Stocks That Grow in Any Climate
These seven companies flourished in hard times and will thrive as things get better.
Companies that achieve profit growth during a recession are hard to come by. That's why those that do while everyone else is just scraping by look especially attractive right now.
Growth stocks -- that is, stocks known for their earnings power rather than for bargain prices -- have performed well this year. Through August 7, the Russell 3000 Growth index trounced its Value index counterpart, 21% to 9%. Granted, that performance gap came mainly in the first quarter; the second quarter was virtually a tie. But over the long term, owning a great growth stock can be very rewarding. Google, for example, has provided shareholders with a 36% annualized return since its initial stock offering in 2004.
What makes a growth stock great is a company's ability to increase profits consistently over the long haul regardless of economic conditions. Usually a company is successful because it has a head start on its competitors, a strategy or technology that's hard to duplicate, or some other built-in advantage that keeps customers coming back.
All seven stocks profiled below have an edge over their rivals as well as a solid record of consistent profit growth that should persist. None comes cheap, at least by value-stock standards. But over time, we think these stocks will fulfill the expectations built into their prices.
At first glance, Strayer Education (symbol STRA) may seem to be a defensive play rather than a growth stock. After all, laid-off workers tend to flock to school during a recession. But chief executive Robert Silberman insists that Strayer's profits are unrelated to the economic cycle, and the numbers bear him out: Its profit growth, an annualized 19% over the past nine years, is closely tied to the opening of new campuses.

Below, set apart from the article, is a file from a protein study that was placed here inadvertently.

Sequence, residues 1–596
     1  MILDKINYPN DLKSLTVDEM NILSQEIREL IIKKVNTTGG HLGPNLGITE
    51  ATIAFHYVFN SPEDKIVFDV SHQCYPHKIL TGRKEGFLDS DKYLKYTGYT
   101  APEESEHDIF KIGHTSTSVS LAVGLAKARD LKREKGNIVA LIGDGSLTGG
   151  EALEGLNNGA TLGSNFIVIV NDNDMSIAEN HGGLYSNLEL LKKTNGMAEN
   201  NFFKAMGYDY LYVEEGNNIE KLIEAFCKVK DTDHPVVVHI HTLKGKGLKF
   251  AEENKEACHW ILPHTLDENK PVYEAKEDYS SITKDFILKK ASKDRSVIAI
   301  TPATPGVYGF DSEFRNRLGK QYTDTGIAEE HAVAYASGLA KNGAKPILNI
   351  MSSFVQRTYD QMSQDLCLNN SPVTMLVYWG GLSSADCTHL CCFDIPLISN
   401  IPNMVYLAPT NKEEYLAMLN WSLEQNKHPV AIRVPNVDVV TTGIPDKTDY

This year the Arlington, Va., firm will open 11 campuses (plus a second operations center to serve online students). Since Silberman took over in 2001, Strayer has expanded from 12 campuses in three states to 67 sites in 15 states, primarily in the Southeast, plus the District of Columbia. There's plenty of room for more growth in Silberman's plan to put a campus in every metropolitan area with a population of 300,000 or more.
Strayer has no debt, and it has generated enough cash to buy back 12% of its shares over the past eight years as well as pay a dividend, currently $2 per share. It also has the pricing power to raise tuition by 5% annually. Those factors, plus enrollment growth at new and existing campuses, should provide steady, low-risk growth for years to come.
Still, the shares fell from $240 last year to $150 in March on fears that Strayer's corporate partners, which provide 20% of revenues in exchange for specially tailored training and educational programs, would cut back. So far, they haven't.
Another concern, that the private student-loan market would dry up, also proved to be unfounded. Strayer's tuition -- $14,000 a year for a full-time bachelor's-degree program -- is low enough to qualify for federally subsidized loans, which remain plentiful. The shares have since rebounded to $216, or about 29 times this year's expected earnings. That's not cheap, but as the U.S. shifts away from a manufacturing-based economy, investing in a more knowledgeable workforce looks like a smart thing to do.